Bear Fat Chocolate Croissants

Bear Fat Chocolate Croissants

  • Duration

    1 hour

  • Serves

    6 croissants
Chef’s notes

Black bear grease is as versatile as it gets. Meat, hide, skull, and claws are nice, but it’s that beautiful liquid gold I get most excited about.

Rendered bear fat is stable, mild, and useful—akin to typical shortening. It can be used in the same manner. I like it for biscuits, cookies, pie crusts, fried food, and of course, pastries. The mild, bear fat flavor also makes it a perfect candidate for chocolate croissants.

Ingredients

  • 2 3/4 cup bread flour
  • 1 cup water
  • 1 tbsp. dry yeast
  • 1 tbsp. white sugar
  • 1 tsp. salt
  • 1/2 cup rendered bear fat (or butter), kept cold
  • 2 full-sized dark chocolate bars
  • 1 egg yolk
  • 1/4 cup water for egg wash

Also works with

Pork lard, butter

Special equipment

Rolling pin

Preparation

  1. In a stand mixer, add warm water, white sugar, and yeast. Let sit until foamy.
  2. Add flour and salt and mix until dough pulls from the walls of the bowl. Cover and place in fridge overnight.
  3. Pull chilled dough onto a floured surface and roll to make an 8×16-inch rectangle. Spread fat on the center of the dough and then fold the outside of the dough in.
  4. Roll the folded dough to the same 8×16-inch shape, then fold it again. Place in fridge for 1 hour. Be sure to keep the fat cold and in a distinct layer. This is key to proper lamination. Repeat this process two more times, being sure to refrigerate after each fold.
  5. Roll out the dough a final time to about 1/4-inch thick. Cut into rectangles about that are about 3×6-inch. Place two to three chocolate squares in each rectangle and roll them up. Place the pastries on a non-stick cookie sheet, cover with plastic wrap, and allow to proof for approximately 1 hour.
  6. Brush with egg wash and place in a 425-degree oven for 18 minutes, or until golden brown.
Chef’s notes

Black bear grease is as versatile as it gets. Meat, hide, skull, and claws are nice, but it’s that beautiful liquid gold I get most excited about.

Rendered bear fat is stable, mild, and useful—akin to typical shortening. It can be used in the same manner. I like it for biscuits, cookies, pie crusts, fried food, and of course, pastries. The mild, bear fat flavor also makes it a perfect candidate for chocolate croissants.

Ingredients

  • 2 3/4 cup bread flour
  • 1 cup water
  • 1 tbsp. dry yeast
  • 1 tbsp. white sugar
  • 1 tsp. salt
  • 1/2 cup rendered bear fat (or butter), kept cold
  • 2 full-sized dark chocolate bars
  • 1 egg yolk
  • 1/4 cup water for egg wash

Also works with

Pork lard, butter

Special equipment

Rolling pin

Preparation

  1. In a stand mixer, add warm water, white sugar, and yeast. Let sit until foamy.
  2. Add flour and salt and mix until dough pulls from the walls of the bowl. Cover and place in fridge overnight.
  3. Pull chilled dough onto a floured surface and roll to make an 8×16-inch rectangle. Spread fat on the center of the dough and then fold the outside of the dough in.
  4. Roll the folded dough to the same 8×16-inch shape, then fold it again. Place in fridge for 1 hour. Be sure to keep the fat cold and in a distinct layer. This is key to proper lamination. Repeat this process two more times, being sure to refrigerate after each fold.
  5. Roll out the dough a final time to about 1/4-inch thick. Cut into rectangles about that are about 3×6-inch. Place two to three chocolate squares in each rectangle and roll them up. Place the pastries on a non-stick cookie sheet, cover with plastic wrap, and allow to proof for approximately 1 hour.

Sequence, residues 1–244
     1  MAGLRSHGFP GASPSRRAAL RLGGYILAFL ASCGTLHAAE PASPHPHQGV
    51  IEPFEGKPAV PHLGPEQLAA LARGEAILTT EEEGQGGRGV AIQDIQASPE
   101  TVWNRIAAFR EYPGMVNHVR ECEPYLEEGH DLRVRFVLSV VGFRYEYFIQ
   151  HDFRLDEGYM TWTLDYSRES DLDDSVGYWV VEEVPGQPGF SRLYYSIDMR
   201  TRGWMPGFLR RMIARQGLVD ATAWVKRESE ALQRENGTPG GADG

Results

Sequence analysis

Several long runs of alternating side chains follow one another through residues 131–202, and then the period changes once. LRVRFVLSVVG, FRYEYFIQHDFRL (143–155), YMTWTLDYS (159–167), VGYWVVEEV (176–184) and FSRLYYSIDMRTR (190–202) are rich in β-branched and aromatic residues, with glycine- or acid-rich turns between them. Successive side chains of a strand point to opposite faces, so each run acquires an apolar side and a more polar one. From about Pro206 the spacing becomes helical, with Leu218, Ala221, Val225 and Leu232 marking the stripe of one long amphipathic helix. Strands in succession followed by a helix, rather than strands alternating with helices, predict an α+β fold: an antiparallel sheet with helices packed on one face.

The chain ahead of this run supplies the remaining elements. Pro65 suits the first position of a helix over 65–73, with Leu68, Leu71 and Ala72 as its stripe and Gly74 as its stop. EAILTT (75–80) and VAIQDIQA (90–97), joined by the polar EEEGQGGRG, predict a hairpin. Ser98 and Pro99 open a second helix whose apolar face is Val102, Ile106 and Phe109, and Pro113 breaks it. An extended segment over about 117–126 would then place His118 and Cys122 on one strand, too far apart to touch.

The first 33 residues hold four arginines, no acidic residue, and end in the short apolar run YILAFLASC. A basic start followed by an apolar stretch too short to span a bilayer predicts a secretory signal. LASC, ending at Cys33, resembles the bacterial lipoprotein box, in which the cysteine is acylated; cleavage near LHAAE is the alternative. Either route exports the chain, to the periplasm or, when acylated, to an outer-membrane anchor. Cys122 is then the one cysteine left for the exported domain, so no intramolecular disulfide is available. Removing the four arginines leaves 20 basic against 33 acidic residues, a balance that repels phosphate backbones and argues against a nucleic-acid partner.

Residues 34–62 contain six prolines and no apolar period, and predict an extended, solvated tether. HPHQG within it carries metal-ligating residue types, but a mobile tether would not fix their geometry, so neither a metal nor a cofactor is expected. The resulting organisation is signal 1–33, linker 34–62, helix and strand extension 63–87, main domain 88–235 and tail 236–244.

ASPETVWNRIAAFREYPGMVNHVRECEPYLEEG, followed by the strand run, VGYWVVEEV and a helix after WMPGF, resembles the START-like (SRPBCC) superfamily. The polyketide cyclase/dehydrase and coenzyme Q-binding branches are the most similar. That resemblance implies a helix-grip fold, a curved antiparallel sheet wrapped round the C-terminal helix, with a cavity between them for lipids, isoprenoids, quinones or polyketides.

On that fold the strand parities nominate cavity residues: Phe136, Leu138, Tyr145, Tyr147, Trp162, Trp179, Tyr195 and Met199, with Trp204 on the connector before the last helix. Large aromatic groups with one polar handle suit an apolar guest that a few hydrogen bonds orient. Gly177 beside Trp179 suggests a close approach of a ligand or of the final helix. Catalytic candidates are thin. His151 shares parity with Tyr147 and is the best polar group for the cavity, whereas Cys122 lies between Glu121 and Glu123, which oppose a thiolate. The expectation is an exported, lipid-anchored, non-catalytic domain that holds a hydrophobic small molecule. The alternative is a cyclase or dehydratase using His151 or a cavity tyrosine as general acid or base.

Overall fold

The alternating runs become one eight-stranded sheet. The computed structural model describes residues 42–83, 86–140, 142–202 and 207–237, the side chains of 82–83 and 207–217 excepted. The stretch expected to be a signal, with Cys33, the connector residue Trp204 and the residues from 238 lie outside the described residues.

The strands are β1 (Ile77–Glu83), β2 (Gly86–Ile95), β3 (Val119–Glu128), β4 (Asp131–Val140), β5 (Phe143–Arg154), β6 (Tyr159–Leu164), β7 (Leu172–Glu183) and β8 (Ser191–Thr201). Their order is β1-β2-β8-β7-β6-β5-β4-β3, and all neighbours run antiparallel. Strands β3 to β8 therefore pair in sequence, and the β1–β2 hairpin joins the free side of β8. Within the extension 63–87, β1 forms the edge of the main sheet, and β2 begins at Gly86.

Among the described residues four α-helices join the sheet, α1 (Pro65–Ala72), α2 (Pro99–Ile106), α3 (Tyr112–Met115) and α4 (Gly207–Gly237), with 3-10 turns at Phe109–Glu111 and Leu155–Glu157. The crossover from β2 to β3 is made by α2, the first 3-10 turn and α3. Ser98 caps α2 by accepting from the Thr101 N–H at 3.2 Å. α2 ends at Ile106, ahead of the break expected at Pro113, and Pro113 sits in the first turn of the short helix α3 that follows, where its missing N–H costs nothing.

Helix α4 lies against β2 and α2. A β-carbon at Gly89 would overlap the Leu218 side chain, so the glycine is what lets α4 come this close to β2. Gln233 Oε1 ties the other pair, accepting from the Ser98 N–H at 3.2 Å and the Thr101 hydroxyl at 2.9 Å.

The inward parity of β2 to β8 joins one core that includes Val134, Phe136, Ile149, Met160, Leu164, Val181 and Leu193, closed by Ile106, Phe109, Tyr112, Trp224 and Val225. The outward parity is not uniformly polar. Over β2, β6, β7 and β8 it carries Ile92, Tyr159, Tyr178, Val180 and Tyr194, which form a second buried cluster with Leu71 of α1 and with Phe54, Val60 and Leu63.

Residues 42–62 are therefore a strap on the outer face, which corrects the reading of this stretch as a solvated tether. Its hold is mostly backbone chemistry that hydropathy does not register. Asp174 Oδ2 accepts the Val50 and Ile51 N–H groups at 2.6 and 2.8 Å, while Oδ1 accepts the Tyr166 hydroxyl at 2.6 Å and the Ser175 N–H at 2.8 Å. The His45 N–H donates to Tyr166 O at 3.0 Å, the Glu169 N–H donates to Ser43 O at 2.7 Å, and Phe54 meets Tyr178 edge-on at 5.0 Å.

6. Brush with egg wash and place in a 425-degree oven for 18 minutes, or until golden brown.
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Bear Fat Chocolate Croissants

Recipe by: Michael Vialpando
Bear Fat Chocolate Croissants
  • Duration

    1 hour

  • Serves

    6 croissants
Chef’s notes

Black bear grease is as versatile as it gets. Meat, hide, skull, and claws are nice, but it’s that beautiful liquid gold I get most excited about.

Rendered bear fat is stable, mild, and useful—akin to typical shortening. It can be used in the same manner. I like it for biscuits, cookies, pie crusts, fried food, and of course, pastries. The mild, bear fat flavor also makes it a perfect candidate for chocolate croissants.

Ingredients

  • 2 3/4 cup bread flour
  • 1 cup water
  • 1 tbsp. dry yeast
  • 1 tbsp. white sugar
  • 1 tsp. salt
  • 1/2 cup rendered bear fat (or butter), kept cold
  • 2 full-sized dark chocolate bars
  • 1 egg yolk
  • 1/4 cup water for egg wash

Also works with

Pork lard, butter

Special equipment

Rolling pin

Preparation

  1. In a stand mixer, add warm water, white sugar, and yeast. Let sit until foamy.
  2. Add flour and salt and mix until dough pulls from the walls of the bowl. Cover and place in fridge overnight.
  3. Pull chilled dough onto a floured surface and roll to make an 8×16-inch rectangle. Spread fat on the center of the dough and then fold the outside of the dough in.
  4. Roll the folded dough to the same 8×16-inch shape, then fold it again. Place in fridge for 1 hour. Be sure to keep the fat cold and in a distinct layer. This is key to proper lamination. Repeat this process two more times, being sure to refrigerate after each fold.
  5. Roll out the dough a final time to about 1/4-inch thick. Cut into rectangles about that are about 3×6-inch. Place two to three chocolate squares in each rectangle and roll them up. Place the pastries on a non-stick cookie sheet, cover with plastic wrap, and allow to proof for approximately 1 hour.
  6. Brush with egg wash and place in a 425-degree oven for 18 minutes, or until golden brown.